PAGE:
Good reminder as lockdown loosens that it’s important to avoid large gatherings! 10% cases lead to 80% of spread! Why do some COVID-19 patients infect many others, whereas most don’t spread the virus at all? | Science | AAAS
Interesting news coverage here on work to prevent super-spreading events as countries try to reduce lockdowns safely. Concerts, choir practices & intense gym classes may be off the cards for a long time...
Why do some COVID-19 patients infect many others, whereas most don’t spread the virus at all? | Science | AAAS
Get to know dispersion factor, it's important #COVID19
We're also learning a lot about spread and how relatively small interventions have outsized impact. This article was very good: The response in u.s far from ideal but combine our half measures with vaccine mid 2021 many just might outrun virus til then
would be good to see more discussion of k, the dispersion factor for disease replication: if 10% of spreaders cause 80% of cases --> behavioral tweaks have great potential. Do masks make people quieter? also a stadium full of cheering fans: bad idea.
Why do some COVID-19 patients infect many others, whereas most don’t spread the virus at all?
On COVID-19 intense clusters, a reminder of John Snow on cholera: crowded indoor spaces with loud talking: bars, choirs, parties, social events. Also cool temperatures favor clusters, as in meat-packing. Death clusters = presence of people in poor health.
Why do some #COVID-19 patients infect many others, whereas most don’t spread the virus at all? by via
“Japan, which was hit early but has kept the epidemic under control, has built its #Covid_19 strategy explicitly around avoiding clusters, advising citizens to avoid closed spaces and crowded conditions”
“That’s why in addition to R, scientists use a value called the dispersion factor (k), which describes how much a disease clusters.” Why do some COVID-19 patients infect many others, whereas most don’t spread the virus at all? | ⁦⁩ ⁦
Why do some COVID-19 patients infect many others, whereas most don’t spread the virus at all?
Good article about what we know of how most infection takes place. Interesting: shutdowns closed “the window of opportunity when a lot of these data” about super-spreading “could‘ve been collected.” With reopening, presumably we now get a second chance?
Why do some COVID-19 patients infect many others, whereas most don’t spread the virus at all? Excellent review by of the role of superspreaders with a virus with a low dispersion factor
Why do some COVID-19 patients infect many others, whereas most don’t spread the virus at all? via
This is a brilliant article about something that has been puzzling me for a while: superspreader events. wrote it very clearly. Now clearly care homes make a new sense
‘Why coronaviruses cluster so much more than other pathogens is a really interesting open scientific question’
Why do some #COVID19 patients infect many others, whereas most don’t spread the virus at all?
"One thing links numerous clusters: They happened in places where people shout or sing."
Why do some COVID-19 patients infect many others, whereas most don’t spread the virus at all?
Most encouraging science around COVID-19 yet. Might be only superspreader events we have to control, otherwise low risk. Pay attention to k, not just R, so to speak.
interesting piece by ... so much in here to think about ...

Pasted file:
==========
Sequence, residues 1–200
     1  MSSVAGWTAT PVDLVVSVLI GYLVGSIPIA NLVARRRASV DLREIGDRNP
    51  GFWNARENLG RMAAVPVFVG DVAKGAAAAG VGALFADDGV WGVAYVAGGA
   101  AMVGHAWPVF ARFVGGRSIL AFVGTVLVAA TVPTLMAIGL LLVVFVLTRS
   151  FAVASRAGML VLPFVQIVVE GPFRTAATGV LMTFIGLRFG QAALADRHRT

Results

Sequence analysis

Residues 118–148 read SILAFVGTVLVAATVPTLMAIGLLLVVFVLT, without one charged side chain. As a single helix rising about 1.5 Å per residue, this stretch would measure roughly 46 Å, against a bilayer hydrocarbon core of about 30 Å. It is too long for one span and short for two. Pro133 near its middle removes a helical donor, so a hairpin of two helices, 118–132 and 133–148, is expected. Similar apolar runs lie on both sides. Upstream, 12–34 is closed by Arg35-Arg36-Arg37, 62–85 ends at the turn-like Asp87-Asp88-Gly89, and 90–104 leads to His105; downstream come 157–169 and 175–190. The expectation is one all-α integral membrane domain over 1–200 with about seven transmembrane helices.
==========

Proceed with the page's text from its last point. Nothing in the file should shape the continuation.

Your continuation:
This is very good. Pulls together emerging threads on transmissibility. Why do some COVID-19 patients infect many others, whereas most don’t spread the virus at all?
Interesting article about superspreading events and why we, next to "R", should take "k" into account as well!
Why do some COVID-19 patients infect many others, whereas most don’t spread the virus at all? | Science | AAAS
“The consistent pattern is that the most common number is zero. Most people do not transmit.” “Probably about 10% of cases lead to 80% of the spread,” “Most published large transmission clusters ‘seem to implicate aerosol transmission,’”
“But in a recent preprint, Adam Kucharski of LSHTM estimated that k for COVID-19 is as low as 0.1. “Probably about 10% of cases lead to 80% of the spread,” Kucharski says.”
15/ Last week, I discussed my biggest Covid surprises . Add to the list the phenomenon of super-spreaders – while average Covid pt infects ~2.5 others, it’s wildly heterogeneous, w/ some pts infecting dozens & others infecting no one
Why do some #COVIDー19 patients infect many others, whereas most don’t spread the virus at all? The role of dispersion factor (k), clusters and superspreaders.
., a professor of pathogen dynamics at , on the implication of aerosol transmission in superspreader events👇.
Fear of stigma will stymie research and action
Interesting analysis of why some people are "superspreaders": )
The SEIR modelling doesn't take into account *where* the infected or susceptible population is. Doesn't make sense. Some estimates point out that 10% of people cause 80%(!) of transmissions.
Why do some #COVID19 patients infect many others, whereas most don’t spread the virus at all?
“encouraging finding, scientists say, because it suggests that restricting gatherings where superspreading is likely to occur will have a major impact on transmission, and that other restrictions—on outdoor activity, for example—might be eased.”
Interesting piece on clusters and COVID spread
Why do some COVID-19 patients infect many others, whereas most don’t spread the virus at all? | Science | AAAS A short, good discussion of superspreading #covid-19
Why do some COVID-19 patients infect many others, whereas most don’t spread the virus at all?